Anger, defiance in court

2016-07-05 13:10
Protesters gathered near the Pietermaritzburg Magistrate’s Court yesterday. They are opposed to bail being granted to a former school guidance counsellor charged with the rape of young pupils.

Protesters gathered near the Pietermaritzburg Magistrate’s Court yesterday. They are opposed to bail being granted to a former school guidance counsellor charged with the rape of young pupils. (Ian Carbutt, The Witness)

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Pietermaritzburg - A tangible atmosphere of anger, sadness and tension gripped the magistrate’s court on Monday as a former school guidance counsellor charged with rape and sexual abuse of four primary school pupils applied for bail.

The man currently faces two charges of rape and two of sexual assault; the fourth count of sexual assault involving a 10-year-old boy was only added to the charge sheet yesterday.

While protesters outside the courthouse and the alleged victims’ relatives and friends made no secret of their strong opposition to the man’s release on bail, the counsellor’s lawyer, Siva Chetty, described him as a “destroyed man” by virtue of the as yet untested charges, and said he is entitled to be presumed innocent until proven guilty.

The counsellor said in an affidavit he had excelled both academically and as a sportsman, and that he vehemently denies the allegations against him, which he regards as “malicious and fabricated”.

His affidavit states he obtained six As and was a prefect in matric, received colours for athletics, and “numerous sports and academic awards”.

He is a qualified teacher who graduated from UKZN and has a Master’s degree in psychology.

He was a youth leader at a church, and is a well-known member of the cycling fraternity who also coaches mountain bike and track racing.

State prosecutor Thandeka Mkhize told the court that the state has a strong case against the man, based on statements by the victims to police in which they named the counsellor as their abuser, and psychologists’ reports and medical evidence that supports the rape allegations.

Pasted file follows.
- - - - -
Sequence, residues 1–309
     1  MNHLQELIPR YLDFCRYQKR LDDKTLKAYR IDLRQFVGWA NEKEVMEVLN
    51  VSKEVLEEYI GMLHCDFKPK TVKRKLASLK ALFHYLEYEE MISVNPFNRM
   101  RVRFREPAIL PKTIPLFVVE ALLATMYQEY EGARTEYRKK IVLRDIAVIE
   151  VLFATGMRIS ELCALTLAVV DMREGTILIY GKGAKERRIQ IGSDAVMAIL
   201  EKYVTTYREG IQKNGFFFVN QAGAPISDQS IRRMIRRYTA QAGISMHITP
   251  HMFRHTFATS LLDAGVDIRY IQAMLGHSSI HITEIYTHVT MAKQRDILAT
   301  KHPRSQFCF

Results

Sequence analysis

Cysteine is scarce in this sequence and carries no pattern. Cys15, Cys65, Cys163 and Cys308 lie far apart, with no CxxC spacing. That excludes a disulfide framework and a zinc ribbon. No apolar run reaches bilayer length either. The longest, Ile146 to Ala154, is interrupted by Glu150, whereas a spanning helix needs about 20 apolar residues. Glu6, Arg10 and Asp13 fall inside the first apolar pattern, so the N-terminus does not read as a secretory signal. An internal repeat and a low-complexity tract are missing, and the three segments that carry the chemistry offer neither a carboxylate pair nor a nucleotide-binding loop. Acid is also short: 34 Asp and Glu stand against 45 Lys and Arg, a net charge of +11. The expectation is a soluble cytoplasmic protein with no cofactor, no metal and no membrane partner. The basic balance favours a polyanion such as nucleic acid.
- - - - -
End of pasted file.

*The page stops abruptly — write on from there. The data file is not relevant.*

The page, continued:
Magistrate M. Boikhutso will give a ruling on bail on July 18.

A spontaneous burst of applause broke out in the public gallery as relatives of the victims rejoiced that the counsellor would stay in jail until then, but they earned themselves a sharp rebuke from the magistrate.

“Demonstrate your frustrations or your happiness outside court, not when we are in session,” she said.

From early yesterday morning and throughout the proceedings, a large crowd of protesters gathered outside the Bessie Head Library, toyi-toyiing, singing, holding up anti-rape and anti-sexual abuse placards, and urging the court to deny the counsellor bail.

Chetty, who took over the defence from attorney Alistair Janssens, who withdrew citing a “conflict of interests”, urged the magistrate not to be swayed by public opinion, including the presence of KZN Education MEC Mthandeni Dlungwane in the gallery.

Earlier, the court had noted the MEC’s interest in the case and his request to take part in the proceedings as a “friend of the court”.

Dlungwane told journalists later that he was there to support the parents and pupils of the school. He said the department believes the protection of school children is a priority.

He confirmed he would meet with the school management this week, as well as with the parents.

In his affidavit in support of his bail application, the former school counsellor said he believes that he will be able to demonstrate at his trial that he has been falsely accused, and that there is “no substance to any allegations against me”.